Thusanang Self Help Group establishes climate smart agriculture venture

Thusanang Self Help Group members (SHG) from ward 20 Gwanda District are enjoying the fruits of their hard work after venturing into integrated farming which includes fodder production, goat keeping and bee keeping.

The group which comprises of 9 women and 6 men was formed in 2018 through the support of Hand in Hand Zimbabwe (HIHZ).

After joining HIHZ the group went through robust trainings on business development, goat production, fodder production and environmental awareness.

Thusanang farmers partaking in one of the trainings facilitated by HIHZ

The group members decided to venture into integrated farming after noting the economic merits and ecological nexus associated with fodder production, goat keeping and bee keeping in the face of the fast changing climate.

The group took an intensive farming approach by establishing a 0.5-hectare garden, where they mounted their bee hives and started fodder production. Through the support from Hand in Hand Zimbabwe, they also installed a solar-powered borehole system in their garden.

Farmers at Thusanang Garden harvesting their fodder while members of  the  Forestry Commission watch

A cooperative relationship among their enterprises has been noted as bees collect pollen from fodder crops such as velvet and lablab beans while lablab beans feed nitrogen into the soil.

On the other end, their goats a have proven to with stand the harsh climatic conditions experienced across Gwanda District. The goats do not only feed on acacia scrubs characterising the southern part of district’s vegetation, but also rely on supplementary fodder feed which they grow in the garden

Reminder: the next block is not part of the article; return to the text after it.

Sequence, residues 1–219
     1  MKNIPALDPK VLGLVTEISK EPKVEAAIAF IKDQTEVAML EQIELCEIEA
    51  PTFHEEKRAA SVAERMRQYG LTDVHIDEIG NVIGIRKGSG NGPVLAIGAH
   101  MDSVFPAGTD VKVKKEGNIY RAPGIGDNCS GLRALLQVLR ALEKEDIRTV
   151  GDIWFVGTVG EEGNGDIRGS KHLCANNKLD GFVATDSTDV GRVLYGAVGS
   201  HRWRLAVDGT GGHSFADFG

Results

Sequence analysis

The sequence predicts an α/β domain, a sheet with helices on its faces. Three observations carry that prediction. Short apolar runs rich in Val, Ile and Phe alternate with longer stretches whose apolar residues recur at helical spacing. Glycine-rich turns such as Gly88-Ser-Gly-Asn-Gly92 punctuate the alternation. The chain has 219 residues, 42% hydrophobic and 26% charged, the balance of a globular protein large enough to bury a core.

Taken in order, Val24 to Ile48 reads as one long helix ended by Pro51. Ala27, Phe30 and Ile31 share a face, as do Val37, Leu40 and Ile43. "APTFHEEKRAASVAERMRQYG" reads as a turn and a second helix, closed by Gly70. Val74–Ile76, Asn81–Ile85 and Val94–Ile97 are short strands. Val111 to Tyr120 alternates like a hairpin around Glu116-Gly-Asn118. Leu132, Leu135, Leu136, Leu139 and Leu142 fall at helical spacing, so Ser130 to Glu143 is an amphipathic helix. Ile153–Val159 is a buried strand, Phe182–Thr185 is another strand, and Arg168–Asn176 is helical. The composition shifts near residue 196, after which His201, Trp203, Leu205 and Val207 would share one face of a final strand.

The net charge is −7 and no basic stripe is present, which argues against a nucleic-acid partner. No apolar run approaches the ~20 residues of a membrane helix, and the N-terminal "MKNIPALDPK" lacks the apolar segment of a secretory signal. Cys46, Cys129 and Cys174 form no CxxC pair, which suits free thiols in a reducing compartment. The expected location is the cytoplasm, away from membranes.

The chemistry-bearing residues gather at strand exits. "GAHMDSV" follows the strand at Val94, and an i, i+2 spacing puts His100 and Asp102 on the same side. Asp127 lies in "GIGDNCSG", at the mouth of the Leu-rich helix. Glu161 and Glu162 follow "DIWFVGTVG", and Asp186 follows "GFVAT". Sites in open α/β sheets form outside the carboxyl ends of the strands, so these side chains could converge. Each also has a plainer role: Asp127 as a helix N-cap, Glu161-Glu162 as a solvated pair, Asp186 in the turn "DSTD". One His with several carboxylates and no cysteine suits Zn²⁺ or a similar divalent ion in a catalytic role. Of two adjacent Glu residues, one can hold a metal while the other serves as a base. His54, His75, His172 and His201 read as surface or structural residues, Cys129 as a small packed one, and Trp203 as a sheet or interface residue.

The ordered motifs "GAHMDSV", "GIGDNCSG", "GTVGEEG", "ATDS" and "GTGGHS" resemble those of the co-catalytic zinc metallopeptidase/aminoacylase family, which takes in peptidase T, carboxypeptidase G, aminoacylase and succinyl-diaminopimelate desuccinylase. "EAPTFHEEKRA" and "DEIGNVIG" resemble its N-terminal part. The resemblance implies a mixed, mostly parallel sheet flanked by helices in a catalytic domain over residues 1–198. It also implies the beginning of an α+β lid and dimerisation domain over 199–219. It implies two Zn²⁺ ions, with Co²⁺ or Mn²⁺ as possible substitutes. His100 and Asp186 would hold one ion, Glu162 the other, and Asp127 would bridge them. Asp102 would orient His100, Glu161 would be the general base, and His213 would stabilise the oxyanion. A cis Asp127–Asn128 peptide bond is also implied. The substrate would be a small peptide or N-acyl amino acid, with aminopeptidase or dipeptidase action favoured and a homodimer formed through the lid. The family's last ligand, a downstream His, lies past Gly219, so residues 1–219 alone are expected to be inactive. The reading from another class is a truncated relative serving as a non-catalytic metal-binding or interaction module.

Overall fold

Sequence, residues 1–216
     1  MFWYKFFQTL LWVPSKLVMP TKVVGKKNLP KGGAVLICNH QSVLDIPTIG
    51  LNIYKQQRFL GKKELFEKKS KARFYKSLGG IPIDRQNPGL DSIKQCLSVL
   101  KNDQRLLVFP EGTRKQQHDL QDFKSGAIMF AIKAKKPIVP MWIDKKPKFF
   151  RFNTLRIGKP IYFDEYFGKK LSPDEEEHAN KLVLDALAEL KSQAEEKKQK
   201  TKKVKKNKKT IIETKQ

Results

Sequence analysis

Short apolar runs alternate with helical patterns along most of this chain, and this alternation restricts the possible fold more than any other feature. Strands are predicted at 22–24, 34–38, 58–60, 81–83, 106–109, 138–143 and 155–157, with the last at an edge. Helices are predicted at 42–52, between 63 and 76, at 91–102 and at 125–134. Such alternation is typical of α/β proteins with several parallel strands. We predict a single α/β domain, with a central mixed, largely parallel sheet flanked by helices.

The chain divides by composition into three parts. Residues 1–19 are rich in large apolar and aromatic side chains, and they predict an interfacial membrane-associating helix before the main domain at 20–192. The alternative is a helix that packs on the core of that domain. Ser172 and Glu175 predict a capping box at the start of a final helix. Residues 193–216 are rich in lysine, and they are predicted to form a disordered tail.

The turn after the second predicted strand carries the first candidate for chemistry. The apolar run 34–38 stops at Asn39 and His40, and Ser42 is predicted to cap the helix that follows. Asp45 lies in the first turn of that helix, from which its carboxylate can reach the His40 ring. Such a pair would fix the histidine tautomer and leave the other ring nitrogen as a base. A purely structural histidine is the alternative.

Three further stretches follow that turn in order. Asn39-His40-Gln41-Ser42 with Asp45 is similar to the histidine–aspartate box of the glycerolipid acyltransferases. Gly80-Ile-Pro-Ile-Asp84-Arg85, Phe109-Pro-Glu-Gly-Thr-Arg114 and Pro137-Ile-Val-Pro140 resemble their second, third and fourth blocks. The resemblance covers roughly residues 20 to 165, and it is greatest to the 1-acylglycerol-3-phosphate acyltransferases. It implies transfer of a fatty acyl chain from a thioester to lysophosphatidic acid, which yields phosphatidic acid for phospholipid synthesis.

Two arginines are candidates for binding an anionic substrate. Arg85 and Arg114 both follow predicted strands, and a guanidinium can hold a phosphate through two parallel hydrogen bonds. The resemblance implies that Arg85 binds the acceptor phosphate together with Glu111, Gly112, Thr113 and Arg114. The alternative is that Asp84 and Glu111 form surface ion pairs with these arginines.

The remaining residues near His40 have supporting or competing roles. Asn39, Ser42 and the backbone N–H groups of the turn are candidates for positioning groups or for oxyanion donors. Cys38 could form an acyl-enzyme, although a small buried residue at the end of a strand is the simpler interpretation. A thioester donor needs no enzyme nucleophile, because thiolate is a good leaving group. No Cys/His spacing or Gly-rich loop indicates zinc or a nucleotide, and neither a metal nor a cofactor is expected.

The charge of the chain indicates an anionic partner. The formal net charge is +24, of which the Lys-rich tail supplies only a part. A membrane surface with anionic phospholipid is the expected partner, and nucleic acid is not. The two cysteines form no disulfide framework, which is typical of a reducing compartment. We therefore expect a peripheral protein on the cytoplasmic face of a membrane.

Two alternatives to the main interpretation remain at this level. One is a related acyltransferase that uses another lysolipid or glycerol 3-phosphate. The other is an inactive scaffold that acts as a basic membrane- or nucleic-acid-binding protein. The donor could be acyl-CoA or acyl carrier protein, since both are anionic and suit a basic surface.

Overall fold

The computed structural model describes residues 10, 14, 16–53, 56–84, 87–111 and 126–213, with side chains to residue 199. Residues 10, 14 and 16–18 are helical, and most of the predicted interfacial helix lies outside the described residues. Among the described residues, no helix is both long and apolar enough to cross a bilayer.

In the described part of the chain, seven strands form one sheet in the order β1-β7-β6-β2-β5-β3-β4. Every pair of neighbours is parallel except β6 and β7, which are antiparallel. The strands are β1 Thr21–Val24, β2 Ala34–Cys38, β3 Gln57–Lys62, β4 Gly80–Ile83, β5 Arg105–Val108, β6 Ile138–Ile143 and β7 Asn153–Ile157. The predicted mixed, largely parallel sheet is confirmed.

This has seen their enterprises growing steadily with the number of goats rising from the initial investment of fifteen (15) to forty-five (45) goats and from one (1) colonised hive to five (5) colonised hives.

Thusanang farmers weighing their goats in the presence of AGRITEX Officer

Their proximity to Manama Boarding School and Beit bridge District has become their comparative advantage as they continuously receive overwhelming orders.

On monthly basis, Thusanang sells an average of five (5) to ten (10) goats at an average price of USD $50 per goat enabling them to pocket USD $250-$500 monthly.  They haven’t started selling their honey and only use it for household consumption.

The money generated has been reinvested back to the business through purchasing more goats at a lower price, while profit made has been shared among group members to cater for household necessities like food, clothing etc.

Part of their future plans include formally registering their business as a company in order to attract bigger and better paying markets.

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